By varying the globally constant water-holding capacity of the surface, Milly and Dunne (1994) showed that the global climate of a GCM is sensitive to changes in continental evaporation. A wide range of methods are used in LSSs to parameterize the availability of moisture for evaporation. This paper examines one aspect of that parameterization, the dependence of transpiration on vertical root distribution, and shows that intermodel differences in the treatment of that process can have a considerable impact on simulated transpiration. Combining these results with those of Milly and Dunne (1994) suggests that the treatment of vertical root distribution in LSSs is likely to have a considerable impact on other aspects of the simulated global climate as well.

Acknowledgments

The author thanks Dr. A. J. Pitman for his advice and support. The comments of two anonymous reviewers are acknowledged and appreciated. The efforts of those responsible for generating the PILPS datasets are also appreciated. The author thanks Chris Milly for his comments on an early draft of the paper. This work was performed with the support of an Australian Postgraduate Research Award.

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APPENDIX

Parameterization of Hydrology in Best Approximation of Surface Exchanges (BASE)

BASE’s representation of land surface hydrology is constructed around the three-layer soil moisture diffusion model used in section 3 and Deardorff’s (1978) canopy model. Figure A1 illustrates the physical arrangement of surface moisture stores in BASE and the fluxes of liquid and frozen water between them. There are four moisture stores each for liquid and frozen water: each of the three soil layers can store both liquid and frozen soil moisture, the foliage can store a small amount of intercepted rain, and snow can accumulate on the ground. Water enters the system from above as either rain (Pg + Pd) or snow (Pn). Rain is assumed to be distributed evenly across the land surface and the fraction that falls on the vegetated portion (Pd) may be intercepted. Every square meter of foliage can hold 0.1 mm of water (Dickinson et al. 1993), and any excess rain falls through to the ground. The flux of water at the top of the soil column consists of rain, canopy drip, and melted snow. The maximum infiltration rate is calculated following Eagleson (1970) and Cogley et al. (1990) and includes a simple saturation heterogeneity representation. Any water that is unable to infiltrate within a time step leaves the system as surface runoff.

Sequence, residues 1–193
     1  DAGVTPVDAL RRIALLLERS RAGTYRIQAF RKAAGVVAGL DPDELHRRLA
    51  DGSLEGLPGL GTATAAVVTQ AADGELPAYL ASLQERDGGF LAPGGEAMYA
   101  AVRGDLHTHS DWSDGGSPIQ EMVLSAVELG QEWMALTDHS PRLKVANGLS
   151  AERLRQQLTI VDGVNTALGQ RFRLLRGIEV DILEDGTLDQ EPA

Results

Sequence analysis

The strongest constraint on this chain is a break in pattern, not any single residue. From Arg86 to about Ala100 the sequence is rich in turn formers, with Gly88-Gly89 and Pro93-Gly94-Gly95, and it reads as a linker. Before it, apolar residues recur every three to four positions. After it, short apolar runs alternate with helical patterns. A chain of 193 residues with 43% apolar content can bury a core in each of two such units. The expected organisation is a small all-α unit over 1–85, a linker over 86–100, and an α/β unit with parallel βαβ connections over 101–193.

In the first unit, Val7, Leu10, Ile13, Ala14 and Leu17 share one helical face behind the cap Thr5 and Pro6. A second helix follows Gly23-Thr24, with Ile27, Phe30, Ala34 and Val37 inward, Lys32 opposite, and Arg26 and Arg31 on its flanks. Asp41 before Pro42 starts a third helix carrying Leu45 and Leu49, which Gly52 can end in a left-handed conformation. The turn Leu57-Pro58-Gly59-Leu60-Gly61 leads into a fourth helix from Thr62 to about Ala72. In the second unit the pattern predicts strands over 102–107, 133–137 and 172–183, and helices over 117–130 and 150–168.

Figure A2 shows the physical arrangement of evaporation fluxes in BASE. The CAS covers a fraction (fcas) of the surface and acts as a partial interface between the other components of the surface (foliage, ground, and snow) and the atmosphere. The CAS-free fractions of the ground and snow interact directly with the atmosphere. The total evaporation (E) from the land surface is an area-weighted average of the evaporation fluxes from the CAS (Eca) and the CAS-free fractions of the ground (Ega) and snow (Ena):
EEcaEgaEna
The foliage (Etr: transpiration, Edw: dewstore evaporation), ground (Egc), and snowpack (Enc) exchange moisture with each other and the atmosphere (Eca) according to the specific humidity (qc) in the CAS:
i1520-0493-125-8-1920-ea2
where Esuptr and Esupg are the maximum rates at which the soil can supply moisture for transpiration and soil evaporation, respectively (per square meter of active surface); fveg and fsno are the fractional extents of foliage and snow; fwet is the fraction of the foliage covered by water (following Dickinson 1993); qa is the specific humidity of the air above the CAS; q*f, q*g, and q*n are the saturated specific humidities of the foliage, ground, and snow; ra, ra,f, and ra,g are aerodynamic resistances above and within the CAS (following Cogley et al. 1990); r*s is the “wet” bulk stomatal resistance; ρ is the density of air; and “min” indicates that the smallest of the two following arguments is to be used. The system of CAS evaporative exchanges [Eqs. (A2)–(A7)] is combined with equations for sensible heat and radiation and solved using iterative numerical procedures (Newton’s method and bisection). Here, Ega and Ena are calculated independently of the CAS system:
i1520-0493-125-8-1920-ea8
In its standard mode, BASE uses the supply and demand transpiration parameterization of Cogley et al. (1990) in which the supply rate is given by
i1520-0493-125-8-1920-ea10